7 243 0.0836 98 802.4 0.0786
8 243 0.0836 112 1048.1 0.1027
9 236 0.0810 126 1285.6 0.1260
10 236 0.0810 140 1587.1 0.1555
11 236 0.0810 154 1920.4 0.1882
Roof 209 0.0716 168 2020.0 0.1979
QG
total
= 2913 Σw
i
* h
i
k
= 10205
FEAP Fundamental Period, T = 3.59 sec
Period Dependent Factor, k = 2.00
Floor #
Weight,
QG
i
(kips)
QG
i
/ QG
total
,
w
i
Height of
floor, h
i
(ft) w
i
* h
i
k
Lateral Load
Factor, C
vx
1 285 0.0551 14 10.8 0.0004
2 285 0.0551 28 43.2 0.0016
3 285 0.0551 42 97.2 0.0037
4 274 0.0528 56 165.7 0.0063
5 274 0.0528 70 258.9 0.0098
6 274 0.0528 84 372.9 0.0142
7 274 0.0528 98 507.5 0.0193
8 264 0.0509 112 638.7 0.0243
9 264 0.0509 126 808.3 0.0307
10 264 0.0509 140 997.9 0.0379
11 264 0.0509 154 1207.5 0.0459
12 264 0.0509 168 1437.0 0.0546
13 264 0.0509 182 1686.5 0.0641
14 243 0.0470 196 1805.4 0.0686
15 243 0.0470 210 2072.5 0.0788
16 243 0.0470 224 2358.0 0.0896
17 236 0.0455 238 2578.9 0.0980
18 236 0.0455 252 2891.2 0.1099
19 236 0.0455 266 3221.3 0.1224
Roof 209 0.0403 280 3156.1 0.1199
QG
total
= 5179 Σw
i
* h
i
k
= 26315
Twenty Story Frame
Twelve Story Frame
Six Story Frame
38
Figure III9: Gravity Loads and C
vx
Loading Coefficients for Six Story Frame
39
Figure III10: Gravity Loads and C
vx
Loading Coefficients for Twelve Story Frame
40
Figure III11: Gravity Loads and C
vx
Loading Coefficients for Twenty Story Frame
41
IIIB3) Element Reduction for Analysis of Frames
Because of the length of time required to run a complete non – linear dynamic analysis of these
structures, an effort was made to limit the numbers of elements and nodes in each frame. Since a
comparison is to be made between dynamic and Pushover analyses, this also applies to the Pushover. The
elements and nodes finally adopted for the FEAP input files are shown in figure III12, while the
transformation of the midspan point loads shown in figures III9 to III11 are detailed in table III7.
Figure III12: Element and Node Configuration Used in FEAP Input
21
20
19
18
17
16
15
14
13
12
11
10
9
8
7
6
5
4
3
2
1
42
41
40
39
38
37
36
35
34
33
32
31
30
29
28
27
26
25
24
23
22
63
62
61
60
59
58
57
56
55
54
53
52
51
50
49
48
47
46
45
44
43 1 8 15
2
3
4
5
6
7 14
13
12
11
10
9
21
20
19
18
17
16
13
12
11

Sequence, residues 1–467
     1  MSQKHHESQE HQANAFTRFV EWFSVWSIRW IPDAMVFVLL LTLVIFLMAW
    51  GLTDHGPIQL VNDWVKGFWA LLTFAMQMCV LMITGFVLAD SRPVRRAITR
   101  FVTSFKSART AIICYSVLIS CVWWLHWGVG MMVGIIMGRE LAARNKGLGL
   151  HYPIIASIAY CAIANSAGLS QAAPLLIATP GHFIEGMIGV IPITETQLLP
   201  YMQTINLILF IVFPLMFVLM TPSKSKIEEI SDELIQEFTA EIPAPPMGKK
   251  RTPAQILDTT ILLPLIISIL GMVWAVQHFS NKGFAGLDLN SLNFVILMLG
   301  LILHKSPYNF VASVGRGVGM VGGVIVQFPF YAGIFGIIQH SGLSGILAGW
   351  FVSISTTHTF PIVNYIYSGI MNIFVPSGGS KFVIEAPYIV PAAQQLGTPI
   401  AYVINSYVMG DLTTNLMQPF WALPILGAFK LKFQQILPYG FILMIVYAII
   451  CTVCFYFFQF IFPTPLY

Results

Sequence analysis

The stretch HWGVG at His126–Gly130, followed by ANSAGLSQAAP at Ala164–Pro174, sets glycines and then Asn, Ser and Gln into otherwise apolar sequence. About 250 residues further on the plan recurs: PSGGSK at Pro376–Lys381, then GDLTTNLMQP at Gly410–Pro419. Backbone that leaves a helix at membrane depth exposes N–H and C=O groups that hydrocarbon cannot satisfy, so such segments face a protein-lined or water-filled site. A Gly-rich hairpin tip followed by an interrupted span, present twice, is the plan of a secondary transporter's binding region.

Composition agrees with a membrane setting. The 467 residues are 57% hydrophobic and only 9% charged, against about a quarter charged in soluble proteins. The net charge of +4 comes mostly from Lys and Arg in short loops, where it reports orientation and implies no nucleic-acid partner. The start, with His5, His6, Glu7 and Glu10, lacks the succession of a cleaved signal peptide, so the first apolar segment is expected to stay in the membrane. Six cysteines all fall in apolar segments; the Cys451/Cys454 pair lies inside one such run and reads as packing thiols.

10
9
8
7
6
5
4
3
2
1
26
25
24
23
22
21
20
19
18
17
16
15
14
39
38
37
36
35
34
33
32
31
30
29
28
27
42
Table III7: Transformation of Midspan Point Loads to Fixed End Forces and Moments
IIIB4) Determination of Seismic Hazard for Analysis
The calculation of the seismic hazard was detailed in section IIB3 and is a function of the
probability of exccedance in 50 years under consideration, the mapped short period acceleration parameter,
the mapped acceleration parameter at a one second period, the soil site conditions, the effective structural
damping, and the fundamental period of the structure. The current analysis considers an earthquake with a
10% probability of exceedance in 50 years, a Los Angeles location, stiff soil conditions and 5% effective
structural damping. The applicable equations are equations II.3 through II.11 to calculate the modified
floor #'s
P1 = P3
(kips) P (kips)
P2
(kips)
P1+P =
P3+P (kips)
P2+2*P
(kips)
M = 96*P
(kipin) +/
6 20.4 32.9 36.1 53.3 101.9 3158.4
5 to 1 25 35.9 42.2 60.9 114 3446.4
floor #'s
P1 = P3
(kips) P (kips)
P2
(kips)
P1+P =
P3+P (kips)
P2+2*P
(kips)
M = 96*P
(kipin) +/
12 20.4 32.9 36.1 53.3 101.9 3158.4
11 to 9 25 35.9 42.3 60.9 114.1 3446.4
8 to 7 25.7 37.1 43.6 62.8 117.8 3561.6
6 to 1 28.5 37.1 46.3 65.6 120.5 3561.6
floor #'s
P1 = P3
(kips) P (kips)
P2
(kips)
P1+P =
P3+P (kips)
P2+2*P
(kips)
M = 96*P
(kipin) +/
20 20.4 32.9 36.1 53.3 101.9 3158.4
19 to 17 25 35.9 42.2 60.9 114 3446.4
16 to 14 25.7 37.1 43.6 62.8 117.8 3561.6
13 to 8 29.5 39.1 48.3 68.6 126.5 3753.6
7 to 4 32.8 39.1 51.7 71.9 129.9 3753.6
3 to 1 36.7 39.1 55.6 75.8 133.8 3753.6
Six Story Frame
Twelve Story Frame
Twenty Story Frame
43
mapped short period and one second period acceleration parameters, S
S
and S
1
, at the probability of
exceedance under consideration, the Return Period, P
R
, at the probability of exceedance under
consideration, the design acceleration parameters, S
XS
and S
X1,
based on the soil type parameters, F
a
and F
v
,
and the Spectral Response Acceleration, S